The Indispensable Public Space
The Building Movement Project uses the shorthand “TIPS” (The Indispensable Public Space) to describe all our work related to exploring, enlarging, understanding, preserving and illuminating public space. This curriculum explores our complicated relationship to taxes, and thus, our very mixed feelings about how “public space” is to be financed.
TIPS is a play on words. It is a redemption of the word used to describe the ill-fated TIPS program introduced by John Ashcroft that asked neighbors, meter readers, and mail carriers to report any suspicious activity they spotted as they went about their daily life. The public was outraged by the idea and the program was dropped.
What is Public Space?
Public Space is anything that belongs to the public, and is financed by the public for the use of whole public. For example: public schools, parks, ball fields, and the like which are free and open to the public; museums, theaters, swimming pools, and tennis courts, which may charge a nominal admission but which are subsidized by the public through taxes and are supposed to serve a broad swath of the public; and of course, police and fire protection, and emergency room care. Public Space also includes fresh air and fresh water, access to a wide range of information through the airwaves, and access to the political process through voting.
This public space is rapidly being privatized. In order for “public” schools to have art and music programs, and sometimes even libraries, parents must raise the money privately. In order for national and state parks to balance their budgets, they must charge admission fees; ditto for museums and artistic venues. And the list goes on. Nonprofits bear the brunt of this privatization as we must raise money privately to continue our work for the public good.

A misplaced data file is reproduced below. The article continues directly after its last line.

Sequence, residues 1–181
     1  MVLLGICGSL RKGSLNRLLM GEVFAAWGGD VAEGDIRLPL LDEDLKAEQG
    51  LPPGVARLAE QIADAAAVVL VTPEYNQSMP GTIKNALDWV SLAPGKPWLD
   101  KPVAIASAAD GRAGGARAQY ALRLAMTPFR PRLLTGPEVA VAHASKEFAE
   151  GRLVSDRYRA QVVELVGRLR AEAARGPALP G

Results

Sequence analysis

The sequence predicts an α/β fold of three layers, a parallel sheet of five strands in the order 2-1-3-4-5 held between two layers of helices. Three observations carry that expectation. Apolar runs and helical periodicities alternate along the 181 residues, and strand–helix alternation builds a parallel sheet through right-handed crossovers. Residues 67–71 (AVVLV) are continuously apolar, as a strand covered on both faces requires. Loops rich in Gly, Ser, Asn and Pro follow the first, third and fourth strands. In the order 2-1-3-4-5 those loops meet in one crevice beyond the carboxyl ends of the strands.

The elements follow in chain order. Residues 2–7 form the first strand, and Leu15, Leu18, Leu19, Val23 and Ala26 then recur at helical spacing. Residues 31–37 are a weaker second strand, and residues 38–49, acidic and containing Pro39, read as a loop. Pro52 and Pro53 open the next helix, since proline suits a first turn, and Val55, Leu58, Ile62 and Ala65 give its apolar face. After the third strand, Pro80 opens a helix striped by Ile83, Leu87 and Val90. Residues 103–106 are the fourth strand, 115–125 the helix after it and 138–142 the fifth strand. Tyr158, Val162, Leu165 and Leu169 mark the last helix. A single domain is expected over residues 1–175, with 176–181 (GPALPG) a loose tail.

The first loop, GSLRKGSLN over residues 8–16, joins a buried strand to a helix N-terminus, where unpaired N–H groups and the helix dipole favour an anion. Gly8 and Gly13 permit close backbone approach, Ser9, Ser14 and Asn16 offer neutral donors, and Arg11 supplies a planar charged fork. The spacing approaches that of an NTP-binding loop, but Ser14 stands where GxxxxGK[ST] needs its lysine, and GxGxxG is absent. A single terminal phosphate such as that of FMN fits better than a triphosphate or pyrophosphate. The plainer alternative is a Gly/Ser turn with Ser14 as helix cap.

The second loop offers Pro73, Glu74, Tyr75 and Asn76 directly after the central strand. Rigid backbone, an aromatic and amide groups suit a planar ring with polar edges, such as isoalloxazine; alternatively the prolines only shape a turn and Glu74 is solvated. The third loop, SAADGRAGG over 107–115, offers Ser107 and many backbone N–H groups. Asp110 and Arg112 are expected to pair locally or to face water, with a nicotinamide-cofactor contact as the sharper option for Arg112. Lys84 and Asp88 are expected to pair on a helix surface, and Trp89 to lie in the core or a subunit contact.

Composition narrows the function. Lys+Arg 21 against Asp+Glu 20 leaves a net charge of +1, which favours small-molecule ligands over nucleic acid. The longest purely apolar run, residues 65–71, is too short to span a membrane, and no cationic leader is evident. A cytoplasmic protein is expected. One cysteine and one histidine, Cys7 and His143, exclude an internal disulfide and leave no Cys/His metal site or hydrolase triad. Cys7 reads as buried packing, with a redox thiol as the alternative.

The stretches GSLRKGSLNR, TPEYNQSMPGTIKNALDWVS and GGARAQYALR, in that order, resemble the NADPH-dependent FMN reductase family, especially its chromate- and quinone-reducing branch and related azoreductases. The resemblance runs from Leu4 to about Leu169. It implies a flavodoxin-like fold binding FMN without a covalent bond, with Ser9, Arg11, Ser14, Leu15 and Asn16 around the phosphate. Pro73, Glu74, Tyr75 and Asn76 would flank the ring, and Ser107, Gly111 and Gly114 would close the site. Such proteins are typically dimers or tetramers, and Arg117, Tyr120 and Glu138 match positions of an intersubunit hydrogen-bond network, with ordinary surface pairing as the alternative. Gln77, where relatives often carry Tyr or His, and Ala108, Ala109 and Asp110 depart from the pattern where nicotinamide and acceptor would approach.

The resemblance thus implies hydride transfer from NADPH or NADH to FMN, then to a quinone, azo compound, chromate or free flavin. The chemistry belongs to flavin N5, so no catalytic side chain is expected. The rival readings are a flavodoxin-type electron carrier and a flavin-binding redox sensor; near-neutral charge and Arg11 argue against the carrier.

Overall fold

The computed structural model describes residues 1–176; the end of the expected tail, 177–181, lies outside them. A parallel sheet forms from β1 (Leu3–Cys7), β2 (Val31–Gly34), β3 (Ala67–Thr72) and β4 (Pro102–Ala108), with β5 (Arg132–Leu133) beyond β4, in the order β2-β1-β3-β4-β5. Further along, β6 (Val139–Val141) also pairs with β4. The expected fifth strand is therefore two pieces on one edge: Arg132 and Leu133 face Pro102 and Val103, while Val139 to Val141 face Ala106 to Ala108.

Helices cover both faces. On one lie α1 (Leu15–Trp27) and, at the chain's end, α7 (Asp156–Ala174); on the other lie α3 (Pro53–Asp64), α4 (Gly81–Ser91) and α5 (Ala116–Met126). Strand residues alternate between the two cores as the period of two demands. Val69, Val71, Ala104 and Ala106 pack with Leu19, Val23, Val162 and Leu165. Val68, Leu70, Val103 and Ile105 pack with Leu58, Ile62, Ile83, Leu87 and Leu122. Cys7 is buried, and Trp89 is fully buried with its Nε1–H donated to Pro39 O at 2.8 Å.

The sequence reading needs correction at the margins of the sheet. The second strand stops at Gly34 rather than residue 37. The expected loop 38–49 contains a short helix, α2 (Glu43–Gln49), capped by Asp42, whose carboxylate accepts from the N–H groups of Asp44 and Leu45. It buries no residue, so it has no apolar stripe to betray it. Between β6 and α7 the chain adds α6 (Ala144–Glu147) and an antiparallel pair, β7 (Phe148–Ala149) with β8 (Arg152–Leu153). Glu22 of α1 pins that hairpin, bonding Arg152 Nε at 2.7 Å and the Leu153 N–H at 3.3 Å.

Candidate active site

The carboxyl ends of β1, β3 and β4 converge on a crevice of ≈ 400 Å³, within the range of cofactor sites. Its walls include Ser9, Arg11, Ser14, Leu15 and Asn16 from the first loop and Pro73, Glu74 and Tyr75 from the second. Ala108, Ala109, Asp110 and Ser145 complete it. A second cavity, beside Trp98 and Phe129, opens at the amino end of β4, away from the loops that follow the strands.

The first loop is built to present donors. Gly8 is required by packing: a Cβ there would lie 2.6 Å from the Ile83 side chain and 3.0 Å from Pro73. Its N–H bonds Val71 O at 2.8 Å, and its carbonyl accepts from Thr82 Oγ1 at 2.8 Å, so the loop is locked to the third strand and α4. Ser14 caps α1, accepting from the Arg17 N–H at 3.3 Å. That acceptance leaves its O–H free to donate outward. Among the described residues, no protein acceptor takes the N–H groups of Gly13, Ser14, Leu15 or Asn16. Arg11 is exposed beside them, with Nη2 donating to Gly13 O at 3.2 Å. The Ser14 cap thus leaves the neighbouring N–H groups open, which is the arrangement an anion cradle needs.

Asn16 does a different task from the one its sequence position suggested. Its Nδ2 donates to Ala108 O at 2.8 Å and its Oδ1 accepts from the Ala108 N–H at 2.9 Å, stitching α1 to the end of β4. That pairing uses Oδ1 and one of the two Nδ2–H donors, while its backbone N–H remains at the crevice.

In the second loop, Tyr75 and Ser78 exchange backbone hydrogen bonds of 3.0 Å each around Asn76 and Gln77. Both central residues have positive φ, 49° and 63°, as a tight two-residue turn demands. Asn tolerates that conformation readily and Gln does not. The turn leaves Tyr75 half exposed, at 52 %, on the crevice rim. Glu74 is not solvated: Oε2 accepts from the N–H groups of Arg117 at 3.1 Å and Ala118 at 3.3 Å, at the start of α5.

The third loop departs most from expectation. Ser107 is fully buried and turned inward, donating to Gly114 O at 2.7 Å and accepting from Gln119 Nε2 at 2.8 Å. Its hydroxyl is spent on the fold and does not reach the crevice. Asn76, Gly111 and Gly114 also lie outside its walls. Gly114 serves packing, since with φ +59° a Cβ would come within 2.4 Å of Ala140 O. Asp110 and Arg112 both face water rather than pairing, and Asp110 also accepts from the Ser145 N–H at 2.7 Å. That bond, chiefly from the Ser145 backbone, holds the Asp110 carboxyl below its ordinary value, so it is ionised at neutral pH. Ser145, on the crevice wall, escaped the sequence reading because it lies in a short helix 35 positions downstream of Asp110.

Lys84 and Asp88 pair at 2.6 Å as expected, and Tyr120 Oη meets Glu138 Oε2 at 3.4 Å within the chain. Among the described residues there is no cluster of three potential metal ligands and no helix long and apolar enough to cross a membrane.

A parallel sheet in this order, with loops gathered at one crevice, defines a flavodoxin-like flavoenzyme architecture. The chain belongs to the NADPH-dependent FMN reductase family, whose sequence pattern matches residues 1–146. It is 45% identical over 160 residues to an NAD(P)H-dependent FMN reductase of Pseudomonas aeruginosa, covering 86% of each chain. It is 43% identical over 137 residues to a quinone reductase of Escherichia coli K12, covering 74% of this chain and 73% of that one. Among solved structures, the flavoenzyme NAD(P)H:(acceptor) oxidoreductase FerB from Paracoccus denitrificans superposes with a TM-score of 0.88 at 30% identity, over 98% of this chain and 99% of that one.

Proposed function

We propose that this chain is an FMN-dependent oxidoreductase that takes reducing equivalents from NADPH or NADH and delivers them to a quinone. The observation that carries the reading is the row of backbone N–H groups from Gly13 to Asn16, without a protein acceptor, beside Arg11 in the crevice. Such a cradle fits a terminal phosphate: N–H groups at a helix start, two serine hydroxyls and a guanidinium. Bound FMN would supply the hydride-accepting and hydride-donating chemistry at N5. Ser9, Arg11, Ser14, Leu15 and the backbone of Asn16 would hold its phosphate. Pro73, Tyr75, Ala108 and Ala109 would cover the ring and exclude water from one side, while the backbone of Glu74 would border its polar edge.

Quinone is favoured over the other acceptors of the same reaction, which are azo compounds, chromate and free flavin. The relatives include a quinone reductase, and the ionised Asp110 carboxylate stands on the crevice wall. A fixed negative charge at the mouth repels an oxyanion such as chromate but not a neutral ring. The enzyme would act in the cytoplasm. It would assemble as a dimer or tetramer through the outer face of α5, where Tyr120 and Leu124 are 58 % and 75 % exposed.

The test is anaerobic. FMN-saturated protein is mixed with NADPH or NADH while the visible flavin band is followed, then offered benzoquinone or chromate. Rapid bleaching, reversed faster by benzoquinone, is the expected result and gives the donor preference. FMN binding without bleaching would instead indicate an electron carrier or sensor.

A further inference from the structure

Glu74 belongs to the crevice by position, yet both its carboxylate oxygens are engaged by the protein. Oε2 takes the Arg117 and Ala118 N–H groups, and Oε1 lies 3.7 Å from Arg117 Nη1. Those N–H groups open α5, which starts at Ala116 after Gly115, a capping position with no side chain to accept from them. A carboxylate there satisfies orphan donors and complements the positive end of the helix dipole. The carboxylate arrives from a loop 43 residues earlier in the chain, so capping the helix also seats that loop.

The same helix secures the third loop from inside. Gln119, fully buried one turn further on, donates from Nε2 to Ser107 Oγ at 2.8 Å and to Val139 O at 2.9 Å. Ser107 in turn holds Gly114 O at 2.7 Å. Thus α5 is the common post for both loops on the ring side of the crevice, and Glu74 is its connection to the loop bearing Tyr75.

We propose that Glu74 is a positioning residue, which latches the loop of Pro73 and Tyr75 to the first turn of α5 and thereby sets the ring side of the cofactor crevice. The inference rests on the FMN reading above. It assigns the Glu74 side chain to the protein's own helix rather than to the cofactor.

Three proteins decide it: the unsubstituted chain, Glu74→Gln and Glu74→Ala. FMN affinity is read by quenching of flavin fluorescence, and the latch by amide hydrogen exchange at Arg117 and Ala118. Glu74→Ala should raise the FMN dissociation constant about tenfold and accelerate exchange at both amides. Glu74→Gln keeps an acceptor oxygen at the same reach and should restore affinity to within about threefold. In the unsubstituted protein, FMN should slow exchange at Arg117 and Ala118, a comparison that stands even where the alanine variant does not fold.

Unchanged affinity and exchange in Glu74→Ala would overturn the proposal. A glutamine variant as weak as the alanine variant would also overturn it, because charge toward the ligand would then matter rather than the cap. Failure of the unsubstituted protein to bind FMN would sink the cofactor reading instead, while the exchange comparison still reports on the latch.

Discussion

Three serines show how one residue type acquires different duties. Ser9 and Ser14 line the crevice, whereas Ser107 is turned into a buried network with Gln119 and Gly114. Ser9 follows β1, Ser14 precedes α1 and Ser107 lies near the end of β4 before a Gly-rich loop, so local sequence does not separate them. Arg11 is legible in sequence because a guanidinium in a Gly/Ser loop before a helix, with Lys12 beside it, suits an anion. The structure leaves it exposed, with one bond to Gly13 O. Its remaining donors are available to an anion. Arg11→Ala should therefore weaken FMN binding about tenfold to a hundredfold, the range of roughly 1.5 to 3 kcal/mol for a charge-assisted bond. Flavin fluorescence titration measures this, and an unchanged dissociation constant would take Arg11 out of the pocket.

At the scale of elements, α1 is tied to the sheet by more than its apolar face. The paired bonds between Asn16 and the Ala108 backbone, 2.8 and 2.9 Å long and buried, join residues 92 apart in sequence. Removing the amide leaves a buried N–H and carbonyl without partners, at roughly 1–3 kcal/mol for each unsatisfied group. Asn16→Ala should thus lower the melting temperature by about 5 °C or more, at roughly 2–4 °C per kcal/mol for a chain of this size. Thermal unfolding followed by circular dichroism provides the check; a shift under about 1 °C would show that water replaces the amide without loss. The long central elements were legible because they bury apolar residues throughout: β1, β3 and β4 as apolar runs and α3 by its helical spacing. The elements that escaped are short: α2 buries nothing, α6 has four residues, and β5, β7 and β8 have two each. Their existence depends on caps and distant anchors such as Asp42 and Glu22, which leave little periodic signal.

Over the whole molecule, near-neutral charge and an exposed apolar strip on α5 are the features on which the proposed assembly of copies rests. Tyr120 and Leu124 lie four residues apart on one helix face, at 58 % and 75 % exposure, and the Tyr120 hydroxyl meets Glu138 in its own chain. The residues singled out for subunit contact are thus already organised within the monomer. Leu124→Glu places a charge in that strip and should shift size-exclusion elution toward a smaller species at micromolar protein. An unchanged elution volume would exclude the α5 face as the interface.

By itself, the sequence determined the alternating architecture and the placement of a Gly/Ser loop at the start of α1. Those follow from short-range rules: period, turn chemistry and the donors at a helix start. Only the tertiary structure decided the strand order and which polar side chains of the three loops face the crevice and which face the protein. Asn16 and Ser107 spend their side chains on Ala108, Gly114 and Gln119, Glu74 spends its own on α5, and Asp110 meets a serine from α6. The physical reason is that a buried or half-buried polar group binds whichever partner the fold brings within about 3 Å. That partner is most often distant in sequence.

The Role of Public Debate
We often say people are entitled to have an opinion, but what we often don’t articulate is that people are entitled to get enough accurate information and participate in enough conversations to form an opinion. Further, that having formed an opinion, public debate becomes the ability to listen to and recognize the opinions of others. The goal of public debate is not unanimity, but giving voice to the range of thoughts in the society, and allowing for some things to remain unknown and unclear. True public debate creates a fragile and delicate space where everyone listens and feels heard. Violence of any kind, including personal attacks, name calling, snide comments, and verbal jousting, have no place in public debate.
We’ve developed the first of three mini-curriculums for pursuing public conversation and debate with the goal of creating broader appreciation and understanding of “the commons.” Further suggestions for how to structure public conversations are forthcoming.